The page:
The National Truck Equipment Association (NTEA) issued a statement this week to Congress in support of government assistance for Ford, General Motors and Chrysler. Lawmakers are currently deciding whether to provide billions of dollars in aid to keep the automakers afloat.
The complete NTEA position statement, which supports assistance that includes business accountability objectives and specifically defined taxpayer protections, is available on www.ntea.com.
In its statement, the Association argued that today's economic and liquidity crisis affects not only passenger car companies but also truck manufacturers and the subsequent supply chain that supports work trucks. Nearly 70% of all work trucks manufactured in the United States are built by NTEA members using truck chassis provided by Ford, GM and Chrysler. In many work-truck configurations, there are no current alternatives to the chassis produced by the Big Three.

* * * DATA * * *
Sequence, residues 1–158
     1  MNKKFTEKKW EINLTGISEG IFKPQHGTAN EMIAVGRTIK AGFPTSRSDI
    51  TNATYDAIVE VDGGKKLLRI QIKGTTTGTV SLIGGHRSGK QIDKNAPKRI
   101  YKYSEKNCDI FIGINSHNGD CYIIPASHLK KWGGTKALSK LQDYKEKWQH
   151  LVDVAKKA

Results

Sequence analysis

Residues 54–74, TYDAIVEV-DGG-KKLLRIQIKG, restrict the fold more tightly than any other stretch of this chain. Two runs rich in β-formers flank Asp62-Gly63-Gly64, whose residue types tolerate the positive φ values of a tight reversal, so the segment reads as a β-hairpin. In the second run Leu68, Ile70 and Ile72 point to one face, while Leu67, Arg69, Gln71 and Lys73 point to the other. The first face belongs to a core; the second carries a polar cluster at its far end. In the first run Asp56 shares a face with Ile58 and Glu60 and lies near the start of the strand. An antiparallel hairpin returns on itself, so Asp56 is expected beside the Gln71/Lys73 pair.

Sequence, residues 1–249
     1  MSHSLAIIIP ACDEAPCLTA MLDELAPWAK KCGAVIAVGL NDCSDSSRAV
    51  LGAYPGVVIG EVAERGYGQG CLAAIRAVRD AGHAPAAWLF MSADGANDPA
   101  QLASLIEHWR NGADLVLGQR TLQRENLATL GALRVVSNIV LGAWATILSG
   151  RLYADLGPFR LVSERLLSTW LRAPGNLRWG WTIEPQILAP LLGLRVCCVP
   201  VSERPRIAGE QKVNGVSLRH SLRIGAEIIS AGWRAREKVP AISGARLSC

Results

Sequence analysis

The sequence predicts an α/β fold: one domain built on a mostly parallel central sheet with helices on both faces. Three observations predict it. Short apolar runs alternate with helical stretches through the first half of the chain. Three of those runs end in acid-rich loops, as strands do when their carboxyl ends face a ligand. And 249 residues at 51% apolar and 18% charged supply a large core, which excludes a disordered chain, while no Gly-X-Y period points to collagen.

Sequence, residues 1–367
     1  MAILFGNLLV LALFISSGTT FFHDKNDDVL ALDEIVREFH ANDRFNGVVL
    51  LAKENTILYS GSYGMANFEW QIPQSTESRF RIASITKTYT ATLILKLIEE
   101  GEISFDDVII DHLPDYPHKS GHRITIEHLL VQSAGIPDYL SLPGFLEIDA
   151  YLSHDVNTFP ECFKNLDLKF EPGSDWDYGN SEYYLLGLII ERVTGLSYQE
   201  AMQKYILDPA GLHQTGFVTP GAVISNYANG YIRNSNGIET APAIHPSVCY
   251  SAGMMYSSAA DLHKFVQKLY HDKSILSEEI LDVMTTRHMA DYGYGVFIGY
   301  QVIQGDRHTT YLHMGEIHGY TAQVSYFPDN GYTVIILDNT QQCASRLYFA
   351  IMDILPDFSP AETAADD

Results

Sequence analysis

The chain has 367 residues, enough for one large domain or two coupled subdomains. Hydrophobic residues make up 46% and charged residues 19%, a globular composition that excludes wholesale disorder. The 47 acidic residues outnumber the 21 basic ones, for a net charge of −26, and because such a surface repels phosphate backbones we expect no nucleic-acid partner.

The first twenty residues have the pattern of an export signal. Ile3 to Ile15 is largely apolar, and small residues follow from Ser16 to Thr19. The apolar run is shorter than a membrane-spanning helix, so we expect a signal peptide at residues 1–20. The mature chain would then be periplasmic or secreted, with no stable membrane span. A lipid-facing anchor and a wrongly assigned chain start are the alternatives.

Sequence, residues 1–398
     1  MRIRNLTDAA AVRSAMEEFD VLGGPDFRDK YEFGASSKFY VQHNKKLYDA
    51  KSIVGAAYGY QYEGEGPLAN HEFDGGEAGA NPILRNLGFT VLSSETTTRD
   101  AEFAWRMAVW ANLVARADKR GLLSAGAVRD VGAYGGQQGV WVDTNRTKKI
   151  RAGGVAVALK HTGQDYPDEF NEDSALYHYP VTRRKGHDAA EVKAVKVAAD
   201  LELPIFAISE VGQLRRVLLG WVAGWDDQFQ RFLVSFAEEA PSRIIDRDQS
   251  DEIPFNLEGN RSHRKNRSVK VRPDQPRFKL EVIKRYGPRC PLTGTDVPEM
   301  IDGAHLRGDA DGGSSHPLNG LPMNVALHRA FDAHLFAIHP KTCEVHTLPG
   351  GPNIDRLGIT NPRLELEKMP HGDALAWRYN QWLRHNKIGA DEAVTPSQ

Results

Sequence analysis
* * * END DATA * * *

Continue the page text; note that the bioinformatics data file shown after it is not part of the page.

"The truck equipment industry is vital to economic growth," said NTEA Executive Director Jim Carney. "We build the work trucks that move goods, improve work place efficiency and provide solutions for many critical tasks. But we can't do it without the trucks and chassis provided by the domestic truck producers."
The NTEA stressed that without government intervention and financial stimulus for these companies, the nation risks losing the capability to produce both passenger cars and work trucks. The Association stated that the potential demise of the automotive and work truck industries would have catastrophic effects on the economy, especially in communities and geographic regions with automotive-based economies.
Without access to the truck chassis produced by the Big Three, thousands of businesses that produce, sell and service work trucks will be in jeopardy. In addition, the nation's businesses, municipalities, utility companies and armed services will lose access to the trucks they need to do their jobs.
For more information on the NTEA's statement to Congress, call 1-800-441-NTEA (6832), or visit www.ntea.com.